Our culture bombards us with sexualized images — Facebook ads, magazines, YouTube clips, television, catalogues, Netflix, and just about every other possible medium. That’s a truth so obvious you can’t miss it. But here’s a not-so-obvious truth: not only does our culture show us sex; it also speaks to us about sex.
Right or wrong, our culture teaches us about sex. The media conducts sex education all the time.
Two thousand years ago, the apostle Paul warned, “Let no one deceive you with empty words, for because of these things [for example, sexual immorality, impurity, and covetousness] the wrath of God comes upon the sons of disobedience” (Ephesians 5:6). Apparently, the culture of Paul’s day was speaking deceitful words concerning sexual immorality, tantalizing and seductive words empty of truth, wisdom, and godliness.
What Does the Box Say?
What lies does our culture tell us about sex? I once conducted an informal experiment, watching ten random minutes of a television show popular with teens and young adults in order to see what it would tell me about sex.
In ten minutes, I heard at least three lies:
- Heterosexual sex outside of marriage is commendable and good.
- Homosexual relationships are commendable and good.
- It’s fun and exciting to invite someone you don’t know to come on to you sexually.
The show never said these things explicitly. It glamorized sexual immorality with catchy music. It normalized and trivialized sexual sin with humor. Almost every reference to sex (seven in ten minutes) was a joke.
The humor was telling me, Don’t take this too seriously. Relax. This is fun. I thought of Proverbs 5:3: “The lips of a forbidden woman drip honey, and her speech is smoother than oil.” The smooth tongue of the adulteress woman in Proverbs (Proverbs 6:24; 7:5, 21) is a perfect description of the show I watched, because the lies I was told were so playful and funny.
Writer Andrée Seu tells the story of watching the film Doctor Zhivago, which she calls “the first film to make adultery beautiful.” She says the film almost seduced her into rooting for the love affair between Zhivago and his mistress Lara. It did so by minimizing the affair’s fallout on Zhivago’s son, maximizing the annoying qualities of Zhivago’s wife, and painting the affair in beautiful and noble colors. Seu confessed that by the end of the movie, God seemed very small; almost totally disconnected from the story. She was nearly taken in.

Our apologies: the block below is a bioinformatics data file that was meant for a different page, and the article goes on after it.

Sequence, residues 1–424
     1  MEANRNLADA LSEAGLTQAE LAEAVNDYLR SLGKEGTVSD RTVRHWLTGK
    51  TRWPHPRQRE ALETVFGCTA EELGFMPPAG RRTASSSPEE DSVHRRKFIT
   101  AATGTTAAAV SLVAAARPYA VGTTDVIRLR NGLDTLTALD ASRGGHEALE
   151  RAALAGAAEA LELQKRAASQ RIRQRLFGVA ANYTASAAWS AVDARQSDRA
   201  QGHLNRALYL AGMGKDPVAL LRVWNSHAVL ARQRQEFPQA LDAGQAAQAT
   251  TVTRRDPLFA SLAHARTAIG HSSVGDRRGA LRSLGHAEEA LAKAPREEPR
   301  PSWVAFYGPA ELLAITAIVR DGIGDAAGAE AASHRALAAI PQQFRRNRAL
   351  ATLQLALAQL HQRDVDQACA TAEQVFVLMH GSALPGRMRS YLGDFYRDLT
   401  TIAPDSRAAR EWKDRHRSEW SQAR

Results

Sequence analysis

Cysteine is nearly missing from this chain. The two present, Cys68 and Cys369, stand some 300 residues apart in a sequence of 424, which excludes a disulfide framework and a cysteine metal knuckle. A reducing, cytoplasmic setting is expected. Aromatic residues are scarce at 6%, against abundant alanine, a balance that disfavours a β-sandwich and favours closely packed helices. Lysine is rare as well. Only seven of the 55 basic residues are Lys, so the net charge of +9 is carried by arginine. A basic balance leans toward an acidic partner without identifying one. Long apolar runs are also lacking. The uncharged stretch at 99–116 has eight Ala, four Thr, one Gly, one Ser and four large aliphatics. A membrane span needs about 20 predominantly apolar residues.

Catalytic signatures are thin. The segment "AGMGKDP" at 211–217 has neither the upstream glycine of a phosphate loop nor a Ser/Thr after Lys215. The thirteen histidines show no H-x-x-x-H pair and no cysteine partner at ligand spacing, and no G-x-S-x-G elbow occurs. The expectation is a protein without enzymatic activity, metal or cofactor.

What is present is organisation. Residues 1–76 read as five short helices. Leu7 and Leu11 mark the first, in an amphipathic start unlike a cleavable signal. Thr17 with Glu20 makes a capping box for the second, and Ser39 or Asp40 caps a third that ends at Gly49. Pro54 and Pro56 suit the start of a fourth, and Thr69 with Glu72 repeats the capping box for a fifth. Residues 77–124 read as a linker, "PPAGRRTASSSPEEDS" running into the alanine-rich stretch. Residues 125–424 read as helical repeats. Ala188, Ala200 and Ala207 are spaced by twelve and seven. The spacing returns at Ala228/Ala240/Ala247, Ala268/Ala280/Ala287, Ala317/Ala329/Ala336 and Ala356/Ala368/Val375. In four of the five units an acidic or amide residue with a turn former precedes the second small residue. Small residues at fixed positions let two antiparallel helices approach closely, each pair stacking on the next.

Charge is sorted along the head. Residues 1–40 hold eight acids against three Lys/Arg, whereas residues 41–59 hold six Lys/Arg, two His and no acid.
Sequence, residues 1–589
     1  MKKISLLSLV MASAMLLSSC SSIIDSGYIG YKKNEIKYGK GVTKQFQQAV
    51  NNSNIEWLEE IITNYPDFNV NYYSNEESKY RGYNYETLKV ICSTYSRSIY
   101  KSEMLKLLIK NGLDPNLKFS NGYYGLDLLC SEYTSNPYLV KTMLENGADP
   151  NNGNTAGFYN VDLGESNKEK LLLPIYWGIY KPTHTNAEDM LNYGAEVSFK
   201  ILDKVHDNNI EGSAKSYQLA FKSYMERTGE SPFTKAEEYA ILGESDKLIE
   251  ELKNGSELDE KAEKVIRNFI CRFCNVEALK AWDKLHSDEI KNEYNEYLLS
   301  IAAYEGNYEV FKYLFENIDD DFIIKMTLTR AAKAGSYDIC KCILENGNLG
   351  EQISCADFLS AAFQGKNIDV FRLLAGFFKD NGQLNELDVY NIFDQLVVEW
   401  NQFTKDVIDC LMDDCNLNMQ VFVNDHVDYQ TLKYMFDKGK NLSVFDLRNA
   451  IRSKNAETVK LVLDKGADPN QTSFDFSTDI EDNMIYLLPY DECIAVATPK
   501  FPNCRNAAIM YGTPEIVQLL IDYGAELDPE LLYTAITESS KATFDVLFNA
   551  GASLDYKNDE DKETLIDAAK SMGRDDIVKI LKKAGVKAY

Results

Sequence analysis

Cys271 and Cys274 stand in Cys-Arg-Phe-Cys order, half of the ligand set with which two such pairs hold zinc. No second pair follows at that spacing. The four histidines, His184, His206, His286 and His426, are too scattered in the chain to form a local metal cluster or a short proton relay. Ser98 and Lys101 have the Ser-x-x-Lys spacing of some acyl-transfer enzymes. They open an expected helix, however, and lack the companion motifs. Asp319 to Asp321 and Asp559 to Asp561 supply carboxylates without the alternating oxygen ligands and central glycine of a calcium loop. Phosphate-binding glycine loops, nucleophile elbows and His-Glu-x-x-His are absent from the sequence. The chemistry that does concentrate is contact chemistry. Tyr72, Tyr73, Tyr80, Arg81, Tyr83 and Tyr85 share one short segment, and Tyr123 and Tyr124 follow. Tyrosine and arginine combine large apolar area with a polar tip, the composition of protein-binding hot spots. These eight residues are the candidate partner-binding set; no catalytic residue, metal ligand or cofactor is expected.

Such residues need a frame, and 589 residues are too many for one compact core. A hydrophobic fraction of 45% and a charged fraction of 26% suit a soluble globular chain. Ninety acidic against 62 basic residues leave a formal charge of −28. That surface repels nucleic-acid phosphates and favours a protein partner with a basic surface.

What Does God Say About Sex?
Our culture speaks to us about sex. And so does God. Many of God’s words, such as the passionate, unblushing testimony of Song of Solomon, celebrate the beauty and goodness of marital sex.
But God also warns us. While the world tells us sexual immorality is enjoyable, humorous, sometimes even noble, and free of lasting consequences, God says that sexual immorality will drag us into the hell of God’s wrath. God’s words about sex are consistently direct, serious, helpful, and honest (Ephesians 5:6).
What Do We Say About Sex?
In Ephesians, Paul draws a striking conclusion from God’s wrath against unrepentant sexual immorality: We are to talk in a certain way about sex. On the basis of the fact that God will judge forever those who are unrepentantly sexually sinful, he says, “Sexual immorality and all impurity or covetousness must not even be named among you, as is proper among saints. Let there be no filthiness nor foolish talk nor crude joking, which are out of place, but instead let there be thanksgiving” (Ephesians 5:3–4).
Paul’s logic appears to be: “Don’t go near this sin, not even with your words.”
Our words often both reflect and affect our hearts, and that seems to be the case particularly when it comes to sex. If we’re imagining it, joking about it, or crudely discussing it, we’re headed in the wrong direction. Our heart is creeping closer to sin, not fleeing in the opposite direction. Crude sexual talk, humor, innuendo, and flirtation lower our defenses and heighten our temptation. Paul’s charge is clear: Don’t do it. And don’t even talk about doing it.
Everyone’s saying something about sex these days. The question is not only who are we listening to, but what are we saying.